Ok, so the second SUPER IMPORTANT Protein Micronutrient that you want to make sure that you’re getting enough of on on a daily (or weekly) basis is the retinol form of Vitamin A.

And when we're talking retinol Vitamin A--the easiest way to get it is to eat Liver every week. :0

Hang in there, I have other ideas to share for this crucial retinol-form of Vitamin A to share...but first:

Why is weekly Liver so important??

First, to understand why grass-fed Liver (from beef & lamb, ruminant animals...or pastured chicken liver with some added weekly dark chocolate to add some more Copper)...is a SUPER IMPORTANT Protein Micronutrient, we have to talk about the importance of these:

Fat-soluble vitamins...which are Vitamins A, D and K. These micronutrients are absorbed in fat and stored in tissues, mainly in the liver. And they're KEY for optimal health and energy.

Vitamin A is an important vitamin for healthy vision, good circadian rhythms, immune system function, and cell growth. It works with several other vitamins and minerals, including vitamins D, K2, zinc, and magnesium, without which it cannot perform its functions.

Retinol Vitamin A protects against kidney stones, autoimmune diseases, food intolerances, asthma and allergies. 

And it helps you get good sleep as well. Plus importantly--Vitamin A helps your body make the hormones testosterone and estrogen.

And when it comes to Vitamin A—the most body-usable form mainly comes from animal sources. :0

Although--there is one stand-out plant exception 🙂


Here's the thing though about why our bodies mainly need the RETINOL form of Vitamin A:

Dr. Chris Masterjohn details how the Vitamin A from fruits & vegetables (carotenoids) needs to be converted in the body to a body-usable form of Vitamin A (retinol)…

However, many people have a gene polymorphism which limits this conversion…and also, less than 3% of Vitamin A from most plant foods is absorbable in it’s original state.

The body-usable form of Vitamin A (retinol) is found exclusively in animal products…mainly liver. This is because our livers are the storehouse for vitamin & minerals…including:

Vitamin A & all the fat soluble vitamins (A, D, K & E)...and many other super valuable micronutrients such as vitamin B12, choline, folate, bio-available iron…and meaningful amounts of copper, zinc and chromium.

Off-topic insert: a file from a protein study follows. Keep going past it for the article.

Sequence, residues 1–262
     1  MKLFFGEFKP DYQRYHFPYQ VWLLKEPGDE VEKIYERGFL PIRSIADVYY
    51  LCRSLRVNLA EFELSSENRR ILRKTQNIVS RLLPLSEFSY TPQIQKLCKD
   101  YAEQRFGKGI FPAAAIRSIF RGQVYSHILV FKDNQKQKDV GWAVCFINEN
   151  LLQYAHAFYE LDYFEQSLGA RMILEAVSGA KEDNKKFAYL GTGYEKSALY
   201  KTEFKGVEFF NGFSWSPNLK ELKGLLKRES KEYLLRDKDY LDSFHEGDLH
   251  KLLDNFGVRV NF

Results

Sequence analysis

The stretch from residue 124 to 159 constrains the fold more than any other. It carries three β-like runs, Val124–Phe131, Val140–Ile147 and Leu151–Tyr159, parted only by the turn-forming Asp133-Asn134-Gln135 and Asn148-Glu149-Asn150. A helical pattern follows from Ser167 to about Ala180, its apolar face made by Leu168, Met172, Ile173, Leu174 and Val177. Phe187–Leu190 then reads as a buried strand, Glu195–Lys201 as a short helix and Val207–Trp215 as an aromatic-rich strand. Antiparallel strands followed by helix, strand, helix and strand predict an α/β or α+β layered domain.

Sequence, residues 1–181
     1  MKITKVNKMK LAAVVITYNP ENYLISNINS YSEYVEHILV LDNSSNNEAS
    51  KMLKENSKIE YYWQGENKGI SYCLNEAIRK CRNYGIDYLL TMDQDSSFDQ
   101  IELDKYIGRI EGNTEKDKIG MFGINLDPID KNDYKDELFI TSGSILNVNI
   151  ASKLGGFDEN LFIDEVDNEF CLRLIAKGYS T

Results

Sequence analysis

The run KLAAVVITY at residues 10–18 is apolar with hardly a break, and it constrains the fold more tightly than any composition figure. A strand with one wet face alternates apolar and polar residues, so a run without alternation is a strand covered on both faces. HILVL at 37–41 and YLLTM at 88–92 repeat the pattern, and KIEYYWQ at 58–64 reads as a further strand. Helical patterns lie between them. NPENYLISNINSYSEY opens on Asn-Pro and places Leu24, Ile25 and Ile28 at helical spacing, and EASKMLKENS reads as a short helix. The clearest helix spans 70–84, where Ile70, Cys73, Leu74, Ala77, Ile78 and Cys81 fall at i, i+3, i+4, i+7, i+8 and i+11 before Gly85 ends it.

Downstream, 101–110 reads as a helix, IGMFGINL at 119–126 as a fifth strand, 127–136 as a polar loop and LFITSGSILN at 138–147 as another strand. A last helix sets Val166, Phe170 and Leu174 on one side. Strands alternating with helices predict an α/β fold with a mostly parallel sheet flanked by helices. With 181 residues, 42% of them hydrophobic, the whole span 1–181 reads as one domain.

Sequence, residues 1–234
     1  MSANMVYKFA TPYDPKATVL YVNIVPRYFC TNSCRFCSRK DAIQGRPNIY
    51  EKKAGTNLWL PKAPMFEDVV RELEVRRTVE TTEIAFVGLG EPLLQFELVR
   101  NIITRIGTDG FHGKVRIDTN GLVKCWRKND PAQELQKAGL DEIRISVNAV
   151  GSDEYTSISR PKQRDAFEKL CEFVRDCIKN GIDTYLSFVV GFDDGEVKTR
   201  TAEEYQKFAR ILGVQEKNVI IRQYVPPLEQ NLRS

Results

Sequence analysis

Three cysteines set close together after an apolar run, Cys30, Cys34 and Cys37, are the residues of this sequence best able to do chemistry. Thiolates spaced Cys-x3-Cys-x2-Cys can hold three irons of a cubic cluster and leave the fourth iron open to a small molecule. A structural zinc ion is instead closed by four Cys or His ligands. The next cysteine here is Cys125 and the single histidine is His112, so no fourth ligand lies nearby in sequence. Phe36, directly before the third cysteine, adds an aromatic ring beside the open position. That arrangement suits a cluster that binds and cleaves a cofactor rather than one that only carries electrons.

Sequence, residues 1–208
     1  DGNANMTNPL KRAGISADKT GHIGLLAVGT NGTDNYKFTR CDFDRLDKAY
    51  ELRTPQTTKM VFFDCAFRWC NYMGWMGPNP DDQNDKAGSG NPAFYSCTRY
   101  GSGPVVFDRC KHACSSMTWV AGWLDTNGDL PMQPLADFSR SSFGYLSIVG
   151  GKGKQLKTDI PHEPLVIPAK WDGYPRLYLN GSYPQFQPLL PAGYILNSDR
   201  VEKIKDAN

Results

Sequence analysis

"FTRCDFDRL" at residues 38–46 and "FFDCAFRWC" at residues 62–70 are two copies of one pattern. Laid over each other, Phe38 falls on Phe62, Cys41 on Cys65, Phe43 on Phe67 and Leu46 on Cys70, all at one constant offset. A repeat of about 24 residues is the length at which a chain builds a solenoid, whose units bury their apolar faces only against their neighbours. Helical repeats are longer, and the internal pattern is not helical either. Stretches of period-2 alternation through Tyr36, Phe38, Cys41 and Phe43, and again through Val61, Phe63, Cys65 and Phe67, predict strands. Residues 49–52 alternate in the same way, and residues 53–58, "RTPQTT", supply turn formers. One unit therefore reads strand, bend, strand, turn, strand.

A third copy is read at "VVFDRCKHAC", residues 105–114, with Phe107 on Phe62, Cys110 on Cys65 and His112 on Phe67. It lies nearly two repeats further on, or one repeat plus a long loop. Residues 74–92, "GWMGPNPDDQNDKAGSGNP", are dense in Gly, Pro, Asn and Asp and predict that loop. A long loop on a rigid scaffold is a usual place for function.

And again, I can't emphasize enough how crucial retinol Vitamin A is to helping our bodies produce testosterone & estrogen...creating better hormonal balance...while helping you to build muscle with working out, too!


That’s why eating Liver each week is so important. There just aren't many way to get body-usable Vitamin A (!!)…and chromium is a nutrient that is lacking in many popular diet plans, as well.

Best food source of retinol Vitamin A: the recommended weekly dose of grass-fed liver from PHD.


  • 4 ounces of beef or lamb liver weekly (copper, vitamin A, folate, choline) OR 1 ounce daily
  • Or, if you like, substitute 4 ounces of chicken, duck, or goose liver weekly (OR 1 ounce daily) plus 30 g 85% dark chocolate daily
  • OR, use a daily supplement

Egg yolks…a serving of full-fat dairy (equivalent to 8 oz of full-fat milk)…and grass-fed butter all contain a significant amount of retinol Vitamin A too.

Dr. Chris Masterjohn recommends getting at least 1,000 RU of retinol a day…and keeping it below 3,000 RU to help manage and resolve fatty liver diseaseOr alternately, you could go for 10,000 IU of retinol Vitamin A two days a week. Or make my Liver Pate recipe once a week, too.

Plus, eating a liberal amount of sustainably-grown red palm oil per day for about 1,000 IU of body-usable Vitamin A is a great Vegetarian/Vegan solution, too!


How I make Liver enjoyable:

I have to take a moment and highly recommend my Live Pate recipe (that I learned from the PHD blog)> It really does taste good! It’s important to get *grass-fed Liver* though—as it tastes WAY BETTER :)...it's more nutrient-dense...and the animal was raised in a nice way, without yucky hormones & antibiotics…so I recommend only eating pasture-raised liver.

I buy liver from a local grass-fed farm & I make the Liver Pate each week…put it in a glass Tupperware container & draw a line down the middle, and my husband and I both have to eat our half of the Liver each week. We usually eat it with rice crackers as an appetizer, over several days, as we make dinner...or I have it for lunch.

I've never liked liver before…and I really like this Pate recipe!

You can also substitute pastured beef liver with organic chicken or duck liver with a little daily dark chocolate, for extra needed copper, too.


Why is retinol Vitamin A so important?

Body-usable Vitamin A in foods: You’ll find retinol in beef liver, butter, cheese, other dairy products, eggs, and meats.

Vegetarians & people who drink a lot of alcohol are at risk of being deficient in Vitamin A.

And retinol Vitamin A is a master hormone-maker in your body (hormones are your cells express messenger system)...so with all of the other key bodily functions retinol Vitamin A contributes to (described above)...

That’s why it’s highlighted as a top daily/weekly Protein Micronutrient to make sure you plan for 🙂 

Dr. Mercola shares that Vitamin A deficiency can contribute to: